The best way to store data is on its own offsite server. it is easy to become overwhelmed and end up with a less than optimal technology choice. a full cabinet. Next. Data should be stored in WORM (Write Once. Funds can expect to spend roughly $1. Additionally.Another significant advantage to using collocation services is the security they provide. accessible via the Internet. the lifespan of the hardware will ultimately be shortened. or multiple cabinets in which to store their data. First. without having to worry about spending thousands of dollars expanding your own facilities. If your business ever needs to move operations to a new production environment. Email and IM data should be saved for the amount of time prescribed by law. are compatible with running out of a collocation center. consider application compatibility. If you choose to host your firm’s hardware in a data center. whereas a data center could potentially offer you additional storage in hours. There is never a cause for concern over space at a data center. costing the firm even more money. A final driving factor for the use of collocation is the flexibility a data center offers its tenants. The Federal Rules of Civil Procedure relating to electronically stored information requires hedge funds to be able to supply things such as emails. The exact cost will depend upon a few factors. as well as those of any future applications you may be interested in. you simply rent out the space you need. When confronted with the vast number of choices for your own firm. Bloomberg Mail and IMs. If a launching or relocating firm attempts to store equipment in house and the accommodations are not suitable. At a data center. Your IT service provider will assess your needs and provide guidance on how much space is necessary for your fund. be sure that the functions of your current applications. Remember that every 60 miles you are from your data center equals a millisecond of response time for your applications. including the city in which the data center is located and how much closet space a fund needs to house its equipment. latency will quickly become an issue. room on your own will most likely take weeks. particularly if you have become accustomed to the standards and methods of analyzing and processing your work through proprietary technology systems as an employee of a large firm. IMs. construction and moving operations are never a concern.500 per month on collocation space. Building or expanding a comm. Archiving Email and instant message (IM) archiving is essential to proving compliance with the many rules and regulations to which hedge funds are subjected.800 to $3. If you do not have enough bandwidth. 20 A Guide tO es t Ablish in G A h ed G e Fun d . and. With a data center you “pay for what you get”. spreadsheets. and PDFs if requested. your security comes with the package. Funds can reserve space within a cabinet. you will not need to worry about transporting all of your hardware. Below are five common mistakes that managers make and what you can do to avoid them. The data center you choose must be able to install redundant connections. you must understand the necessary bandwidth you need in order to process information from your work and production environment to your data center. Common Mistakes and how to Avoid them It may seem challenging to run your own business. you rent more. documents. a half-cabinet. They often provide surveillance and monitoring—services you could potentially get on your own but most likely at a higher cost. Read Many) format so that nothing can be changed or deleted. if your equipment expands or increases. Records need to be indexed in searchable files to aid in providing only the information that is requested. with most data centers secured and manned 24/7.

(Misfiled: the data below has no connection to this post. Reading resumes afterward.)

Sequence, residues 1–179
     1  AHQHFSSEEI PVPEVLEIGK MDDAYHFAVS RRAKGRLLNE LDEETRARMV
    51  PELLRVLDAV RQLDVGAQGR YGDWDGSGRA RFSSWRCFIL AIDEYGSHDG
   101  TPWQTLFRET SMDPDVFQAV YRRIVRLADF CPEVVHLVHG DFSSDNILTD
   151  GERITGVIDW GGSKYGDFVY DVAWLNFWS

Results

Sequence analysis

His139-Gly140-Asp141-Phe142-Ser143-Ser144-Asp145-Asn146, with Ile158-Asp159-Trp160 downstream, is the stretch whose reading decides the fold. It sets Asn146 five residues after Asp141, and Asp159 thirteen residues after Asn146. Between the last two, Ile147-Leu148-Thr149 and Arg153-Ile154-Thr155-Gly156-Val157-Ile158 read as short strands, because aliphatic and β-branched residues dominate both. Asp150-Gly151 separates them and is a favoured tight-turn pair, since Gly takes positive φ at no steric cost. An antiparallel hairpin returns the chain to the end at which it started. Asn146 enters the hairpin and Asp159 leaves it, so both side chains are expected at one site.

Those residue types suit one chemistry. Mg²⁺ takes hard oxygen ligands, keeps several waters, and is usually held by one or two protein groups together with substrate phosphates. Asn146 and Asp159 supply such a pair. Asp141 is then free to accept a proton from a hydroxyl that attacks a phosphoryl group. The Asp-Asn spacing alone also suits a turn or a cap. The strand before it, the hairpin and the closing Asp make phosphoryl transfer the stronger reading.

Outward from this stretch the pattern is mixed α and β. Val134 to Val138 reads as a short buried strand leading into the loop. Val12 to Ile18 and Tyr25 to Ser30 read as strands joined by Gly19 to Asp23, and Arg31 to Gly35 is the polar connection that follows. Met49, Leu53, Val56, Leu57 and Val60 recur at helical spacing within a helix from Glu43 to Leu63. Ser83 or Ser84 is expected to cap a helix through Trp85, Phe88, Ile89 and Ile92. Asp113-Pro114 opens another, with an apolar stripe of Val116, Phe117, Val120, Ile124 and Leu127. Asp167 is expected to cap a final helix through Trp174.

you should consider hiring support or administrative personnel that is skilled with technology. Think about the work you currently do today and write down some notes on what systems you use to complete that work (email. More than likely. Now. the idea that there may be one or more solutions that can meet 100% of your technology requirements can be an appealing thought. if not all. understanding what your firm will look like in the future is important as well.). you will need most. etc. Unless you spend most of your free time building servers and managing networks. will you have the necessary technological systems to support that larger business? > Failing to understand how much you rely on technology today. They can help you develop the correct workflow to maximize your investment. if you go with a single vendor. you will likely need to negotiate. Avoid rushing the installation in order to make a set deadline and ignore subsequent issues that may arise. Often. the vendor’s professional services arms know all the quirks of the software package so well that many important details are glossed over during the sales process. Realistically. these can be invaluable resources for getting up and running quicker and with less frustration.> Looking for the perfect solution. Use this list as a shopping guide when building out your technology platform. reports. by relying on it to be around in the years ahead. the more sophisticated your business. think about the work that will need to be done in your new hedge fund and what systems you will require to complete it. Without envisioning how your practice will look over the longer term—in three or five years—you may be setting yourself up for some short-sighted solutions. unless your business is narrowly focused. vendors provide some sort of onsite or web-based training. Many. For ongoing interaction and maintenance of technology. During the planning phase of your new fund. the chances that a single vendor will meet every aspect of your needs are very slim. For project-related work (“one-and-done” jobs). Also. you will most likely want to take advantage of it. > Overestimating your capacity to manage technology. purchase. However. There is an immense amount of advice and information regarding how technology can be applied in a hedge fund. Some vendors are attempting to develop a turnkey platform to deliver on this promise. Often. quote feeds. Once you have all of your new systems lined up. > Insufficient planning for the future. Using the framework outlined above. the more vendors you will need. and deploy systems from multiple vendors and service providers. if not all. of the same systems. however. Despite your intense focus on completing the immediate tasks of launching your fund. Many of the vendor firms offering an all-inclusive solution are rather small and new and. you can contract with a third party. including additional ones. > Shortchanging the training options and resources. Managing technology is a profession unto itself. as well as get you past some of the inevitable challenges. you can use consultants and contractors. If it is reasonably priced. phones. you need to learn how to use them. you may be assuming more business risk than you are willing to accept. you will need help in managing technology at your new firm. ask the vendor if there are any established users groups for their software and systems. A G ui de t O e s t Ab l i s hi nG A he dG e F u n d 21 . If your fund grows significantly. you should feel confident in your ability to ultimately select the most useful and effective technology solutions for your unique business. Generally.